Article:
First you need them to establish themselves by creating an environment that will make them want to stay, called a farmscape. A farmscape can be easy or complex, depending on which and how diverse the beneficial insects are that you are trying to attract. It is basically providing certain plants that give food, “pollen and nectar,” year round by placing them in strategic locations for the selected predator . They are usually placed around the perimeter of the area you are working to provide nutrients after the aphids are gone while they are waiting for more aphids to show up. While ladybugs are feeding, they will travel no more than 50 feet after their prey, and the farmscape plants could be planted in pots so they could be moved around. The particular farmscape plants that attract the classic California ladybug are, wild carrot, fennel, cilantro, and dill. It is also a good idea to leave some of those weeds in the ground, which add to the farmscape environment. You should also know what and when your good bugs like to eat. The Classic California ladybug is mainly a carnivore, enjoying soft bodied insects pests. Aphids, mites, moth eggs, etc…. but they will also eat nectar, pollen, and if there are no pest to be found, they will eat some fruits, if the outer skin is damaged and the inner juices of the fruit is exposed. They will even turn to cannibalism, eating their own eggs when hungry. They do most of their feeding in the spring and summer months after the temperature stabilizes to between 65 and 85 degrees. They will eat less during the higher temperatures. In the late fall most will fly to the mountains and cluster together in large groups preparing for winter hibernation, when they can go for months without eating, living on their stored body fat.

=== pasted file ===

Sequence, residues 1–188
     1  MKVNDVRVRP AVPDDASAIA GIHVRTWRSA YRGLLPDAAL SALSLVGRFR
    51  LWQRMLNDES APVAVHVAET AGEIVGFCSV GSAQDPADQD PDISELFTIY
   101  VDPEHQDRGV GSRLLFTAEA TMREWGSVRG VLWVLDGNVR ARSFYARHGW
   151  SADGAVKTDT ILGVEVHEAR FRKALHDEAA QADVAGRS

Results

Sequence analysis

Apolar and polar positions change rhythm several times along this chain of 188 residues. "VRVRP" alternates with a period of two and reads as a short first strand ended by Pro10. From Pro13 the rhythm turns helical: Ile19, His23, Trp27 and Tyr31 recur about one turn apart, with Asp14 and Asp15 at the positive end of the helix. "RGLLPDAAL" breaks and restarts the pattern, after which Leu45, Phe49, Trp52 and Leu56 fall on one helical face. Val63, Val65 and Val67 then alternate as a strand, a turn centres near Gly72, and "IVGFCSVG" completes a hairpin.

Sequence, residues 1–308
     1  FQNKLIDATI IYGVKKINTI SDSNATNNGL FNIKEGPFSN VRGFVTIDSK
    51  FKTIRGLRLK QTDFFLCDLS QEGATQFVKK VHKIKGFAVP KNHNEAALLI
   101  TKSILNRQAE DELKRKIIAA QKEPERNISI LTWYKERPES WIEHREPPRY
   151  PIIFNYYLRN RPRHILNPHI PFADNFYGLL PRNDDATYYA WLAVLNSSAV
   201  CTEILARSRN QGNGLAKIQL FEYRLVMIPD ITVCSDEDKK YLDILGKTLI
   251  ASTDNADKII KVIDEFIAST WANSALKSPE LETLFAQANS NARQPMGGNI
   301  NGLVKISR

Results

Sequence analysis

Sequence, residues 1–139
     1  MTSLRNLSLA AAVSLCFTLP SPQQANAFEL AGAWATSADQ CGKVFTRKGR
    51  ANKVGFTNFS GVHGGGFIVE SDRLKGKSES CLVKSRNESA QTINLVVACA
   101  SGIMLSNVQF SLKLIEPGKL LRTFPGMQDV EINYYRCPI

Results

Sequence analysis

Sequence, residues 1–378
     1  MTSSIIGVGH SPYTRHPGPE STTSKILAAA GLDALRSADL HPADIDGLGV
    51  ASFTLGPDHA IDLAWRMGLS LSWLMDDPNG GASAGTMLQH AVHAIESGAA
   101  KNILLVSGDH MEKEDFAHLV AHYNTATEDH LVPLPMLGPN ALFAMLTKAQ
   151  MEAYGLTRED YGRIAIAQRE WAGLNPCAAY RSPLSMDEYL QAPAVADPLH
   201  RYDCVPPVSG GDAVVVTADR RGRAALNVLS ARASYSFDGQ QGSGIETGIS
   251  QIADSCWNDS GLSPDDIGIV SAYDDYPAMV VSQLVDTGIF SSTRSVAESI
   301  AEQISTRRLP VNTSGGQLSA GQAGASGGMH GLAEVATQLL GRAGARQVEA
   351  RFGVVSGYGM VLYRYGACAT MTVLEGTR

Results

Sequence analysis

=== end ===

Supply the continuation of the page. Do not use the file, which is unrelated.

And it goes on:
I’ve gathered a list from many sources concerning the releasing of ladybugs to get optimal results, in case you would like to try this in your own yard or garden.
(1) Do not use any pesticides before releasing.
(2) Release a few before planting garden.
(3) Cool them down to between 33 and 40 degrees by leaving them in the refrigerator for a few minutes. (Do not freeze.)
(4) Spray them with a light mist of sugar/water mixture, 10% sugar to make their wings sticky so they can not fly without cleaning their wings, which should help keep them from flying till they get established.
(5) If you can, release them when the temperature is below 50 degrees.
(6) You may release a few before the aphids appear as a preventative measure. In that case you might want to feed them before release with a product called wheast. (A ladybug food, available where you purchase the ladybugs.)
(7) Study the garden and find shady areas that do not get any direct sunlight during the day. You do not want them to fly when released.
(8) Do not release in direct sunlight!
(9) Water down the area first and try to keep the humidity high after that.
(10) Do not release them all at once, but several times a week to maintain a biological balance. “They can be stored in the refrigerator for several weeks.”
(11) Wait until late evening when the sun is down.
(12) On some trees you may want to apply “Tanglefoot”, to keep ants from protecting the aphids. (Some ants will fight to protect the aphids for the honeydew they produce.)
(13) The idea is to get the ladybugs to reproduce and lay eggs. As soon as you see the little alligator shaped larvae crawling around, “start looking after about 10 days after release,” you should have ladybugs for the rest of the season.
(14) Supplement garden with wheast if needed when aphids are gone to help keep your bugs happy.
Classic California ladybugs, (Hippodamia Convergens,) are available at some nurseries, biological pest suppliers, or Email me at jimbkayak@yahoo.com for info on finding ladybugs or to see how my bug adventure is progressing.



2 Comments:

Anonymous Anonymous said...

Your site taught me a lot abot lady bugs

6:16 AM  
Blogger boonyville/gene said...

so how did the lady bugs do? I bought lacewings and trichogramma to try this year from organiccontrol.com. there info on the lace wings says they will hatch soon and as it is 3/5/06 and to early to plant the garden it may of been a mistake, however still doing more surfing on that if you have any info please pass along. gene

6:20 AM